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PFOHL v. PELICAN LANDING

June 13, 1983

ROGER PFOHL, PLAINTIFF,
v.
PELICAN LANDING, ETC., ET AL., DEFENDANTS.



The opinion of the court was delivered by: Shadur, District Judge.

MEMORANDUM OPINION AND ORDER

Roger Pfohl ("Pfohl") sues Pelican Landing, an Illinois general partnership ("Pelican") and four of its partners,*fn1 alleging violations of:

    1. Section 10(b) of the Securities Exchange Act of
  1934 (the "1934 Act"), 15 U.S.C. § 78j(b), and
  corresponding SEC Rule 10b-5, 17 C.F.R. § 240.10b-5
  (Count I);
    2. Section 17(a) of the Securities Act of 1933 (the
  "1933 Act"), 15 U.S.C. § 77q(a) (Count II);*fn2 and
    3. 1933 Act §§ 12(1) and (2), 15 U.S.C. § 77l
  (Count III).*fn3

Defendants have moved in the alternative (1) to dismiss this action for lack of subject matter jurisdiction or (2) to dismiss Count III as time barred. For the reasons stated in this memorandum opinion and order:

    1. Defendants' motion to dismiss this action is
  denied.
    2. Their motion to dismiss Count III is granted
  only as to its Section 12(1) claim.*fn4

Background*fn5

Pfohl alleges he is a financial lamb fleeced by the wily individual defendants. His self-description of his source of funds is that of a person much like a remittance man in (say) a Maugham short story — in all events, he is wholly unsophisticated as to investment real estate.

Douglass, a close personal friend of long standing, approached Pfohl in June or July 1979 and offered him an investment opportunity in Pelican, apparently organized to acquire and develop as a condominium project certain real estate located in Englewood, Florida. Douglass (1) represented Pelican as a limited partnership and (2) said acquisition of Pfohl's limited partnership interest would require his capital contribution of $50,000 plus his purchase of two finished condominium units at a cost of $45-50,000 each. Douglass assured Pfohl those units would be worth substantially more on resale, inviting Pfohl to anticipate turning a nice profit. Relying on Douglass' representations and what he knew or was told about Palmer's and Sproat's development savvy, Pfohl invested $175,000 in the project, $50,000 cash plus what turned out to be $62,500 for each of the two condominium units.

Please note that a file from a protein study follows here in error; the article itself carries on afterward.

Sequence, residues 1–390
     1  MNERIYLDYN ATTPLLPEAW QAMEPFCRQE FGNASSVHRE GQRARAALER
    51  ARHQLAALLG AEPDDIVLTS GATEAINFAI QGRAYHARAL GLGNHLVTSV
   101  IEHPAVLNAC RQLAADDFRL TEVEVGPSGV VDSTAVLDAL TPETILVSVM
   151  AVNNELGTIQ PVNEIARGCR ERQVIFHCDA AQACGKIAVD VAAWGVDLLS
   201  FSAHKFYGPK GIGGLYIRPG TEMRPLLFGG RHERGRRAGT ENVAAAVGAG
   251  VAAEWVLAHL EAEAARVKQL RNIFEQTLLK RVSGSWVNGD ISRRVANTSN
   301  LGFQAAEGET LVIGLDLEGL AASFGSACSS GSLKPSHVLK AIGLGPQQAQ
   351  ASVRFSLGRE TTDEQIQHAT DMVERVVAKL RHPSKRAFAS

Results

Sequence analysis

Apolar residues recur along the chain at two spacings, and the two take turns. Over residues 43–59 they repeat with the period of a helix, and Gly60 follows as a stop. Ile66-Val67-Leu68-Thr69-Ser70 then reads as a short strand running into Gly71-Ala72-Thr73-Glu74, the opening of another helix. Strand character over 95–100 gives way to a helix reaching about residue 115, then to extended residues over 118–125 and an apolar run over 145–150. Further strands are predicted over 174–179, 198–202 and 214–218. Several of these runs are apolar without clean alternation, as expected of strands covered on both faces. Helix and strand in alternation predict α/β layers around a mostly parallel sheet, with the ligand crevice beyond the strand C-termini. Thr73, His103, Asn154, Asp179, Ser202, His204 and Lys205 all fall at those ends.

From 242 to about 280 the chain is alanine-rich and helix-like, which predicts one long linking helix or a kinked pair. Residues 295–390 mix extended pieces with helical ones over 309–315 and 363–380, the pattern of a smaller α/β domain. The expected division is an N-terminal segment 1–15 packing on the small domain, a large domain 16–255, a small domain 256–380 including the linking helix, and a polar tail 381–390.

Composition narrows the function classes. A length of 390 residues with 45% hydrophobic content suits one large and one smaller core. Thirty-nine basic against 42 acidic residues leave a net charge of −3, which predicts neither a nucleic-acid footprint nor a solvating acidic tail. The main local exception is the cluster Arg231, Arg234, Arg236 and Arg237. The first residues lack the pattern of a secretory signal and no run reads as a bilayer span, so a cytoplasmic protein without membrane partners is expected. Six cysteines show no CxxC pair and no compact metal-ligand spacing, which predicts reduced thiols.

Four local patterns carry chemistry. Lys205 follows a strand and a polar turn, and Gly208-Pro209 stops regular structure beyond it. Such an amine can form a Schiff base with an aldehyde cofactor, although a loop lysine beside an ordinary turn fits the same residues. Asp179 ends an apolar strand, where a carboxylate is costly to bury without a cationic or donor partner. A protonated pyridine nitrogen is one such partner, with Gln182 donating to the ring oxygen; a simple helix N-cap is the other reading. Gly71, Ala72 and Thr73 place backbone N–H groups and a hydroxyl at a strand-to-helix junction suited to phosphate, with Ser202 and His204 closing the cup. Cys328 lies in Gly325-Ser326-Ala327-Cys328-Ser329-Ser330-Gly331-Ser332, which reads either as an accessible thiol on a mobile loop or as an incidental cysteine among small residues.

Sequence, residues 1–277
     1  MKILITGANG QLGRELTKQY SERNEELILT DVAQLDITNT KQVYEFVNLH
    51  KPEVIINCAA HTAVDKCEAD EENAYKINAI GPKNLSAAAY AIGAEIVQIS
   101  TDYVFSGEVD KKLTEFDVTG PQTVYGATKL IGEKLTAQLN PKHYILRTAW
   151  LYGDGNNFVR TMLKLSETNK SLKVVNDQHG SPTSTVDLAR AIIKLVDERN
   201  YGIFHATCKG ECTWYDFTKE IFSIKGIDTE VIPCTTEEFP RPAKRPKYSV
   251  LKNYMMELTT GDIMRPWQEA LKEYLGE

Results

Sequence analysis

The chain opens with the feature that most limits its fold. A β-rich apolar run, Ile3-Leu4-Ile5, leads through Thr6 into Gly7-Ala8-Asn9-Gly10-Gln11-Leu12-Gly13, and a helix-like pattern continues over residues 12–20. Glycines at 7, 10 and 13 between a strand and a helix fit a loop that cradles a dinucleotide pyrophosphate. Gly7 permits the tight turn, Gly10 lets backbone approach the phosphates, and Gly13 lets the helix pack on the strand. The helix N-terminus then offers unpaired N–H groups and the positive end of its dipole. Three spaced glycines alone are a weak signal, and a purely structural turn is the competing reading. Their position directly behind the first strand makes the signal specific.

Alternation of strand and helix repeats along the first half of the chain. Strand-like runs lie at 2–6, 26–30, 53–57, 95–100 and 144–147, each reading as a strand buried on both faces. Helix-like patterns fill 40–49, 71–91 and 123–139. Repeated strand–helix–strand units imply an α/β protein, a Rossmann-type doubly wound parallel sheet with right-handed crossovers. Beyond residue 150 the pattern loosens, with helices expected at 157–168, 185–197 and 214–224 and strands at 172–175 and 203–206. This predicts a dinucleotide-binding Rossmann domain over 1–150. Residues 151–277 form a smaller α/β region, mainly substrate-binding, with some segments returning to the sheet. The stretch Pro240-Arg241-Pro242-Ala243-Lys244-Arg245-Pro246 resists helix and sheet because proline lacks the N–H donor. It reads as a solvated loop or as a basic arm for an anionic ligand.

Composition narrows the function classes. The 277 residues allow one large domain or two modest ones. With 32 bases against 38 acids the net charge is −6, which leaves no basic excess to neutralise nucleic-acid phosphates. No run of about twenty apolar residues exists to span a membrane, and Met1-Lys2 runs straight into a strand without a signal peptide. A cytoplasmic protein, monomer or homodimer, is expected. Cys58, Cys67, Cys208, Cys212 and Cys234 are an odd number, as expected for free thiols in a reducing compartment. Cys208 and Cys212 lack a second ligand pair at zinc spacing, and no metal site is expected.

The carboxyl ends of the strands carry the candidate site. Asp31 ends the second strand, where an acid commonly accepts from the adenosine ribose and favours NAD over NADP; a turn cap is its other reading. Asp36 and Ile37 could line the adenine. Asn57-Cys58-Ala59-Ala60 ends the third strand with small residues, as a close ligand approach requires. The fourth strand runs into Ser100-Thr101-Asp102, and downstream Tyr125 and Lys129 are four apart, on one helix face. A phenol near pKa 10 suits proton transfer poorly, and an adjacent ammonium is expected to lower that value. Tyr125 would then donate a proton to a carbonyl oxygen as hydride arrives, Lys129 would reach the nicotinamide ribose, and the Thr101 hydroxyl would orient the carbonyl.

Pelican evidently had difficulty getting off the ground in Florida, and Pfohl now alleges defendants made various misrepresentations and failed to state various material facts about the project. Most importantly Pfohl learned, only within a year of filing his Complaint, defendants had made untrue statements in (1) describing his interest as that of a limited partner, (2) estimating the cost of his condominium units as between $45-50,000 and (3) assuring his units could be sold for two or three times their cost to him. Defendants also generally failed to state (1) the risky and speculative nature of his investments and (2) their true intentions as to certain securities filings and other regulatory requirements.

Pfohl alleges he was never shown and did not sign the Pelican general partnership agreement (the "Agreement"). ...


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